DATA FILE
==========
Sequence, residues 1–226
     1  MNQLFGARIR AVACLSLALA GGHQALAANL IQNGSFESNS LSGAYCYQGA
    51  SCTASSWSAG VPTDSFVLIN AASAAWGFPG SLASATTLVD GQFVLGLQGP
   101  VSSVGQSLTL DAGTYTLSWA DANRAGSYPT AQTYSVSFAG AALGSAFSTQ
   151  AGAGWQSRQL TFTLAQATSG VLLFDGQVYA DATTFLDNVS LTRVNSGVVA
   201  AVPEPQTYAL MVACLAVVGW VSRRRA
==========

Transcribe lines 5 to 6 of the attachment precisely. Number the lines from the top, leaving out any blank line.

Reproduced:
   151  AGAGWQSRQL TFTLAQATSG VLLFDGQVYA DATTFLDNVS LTRVNSGVVA
   201  AVPEPQTYAL MVACLAVVGW VSRRRA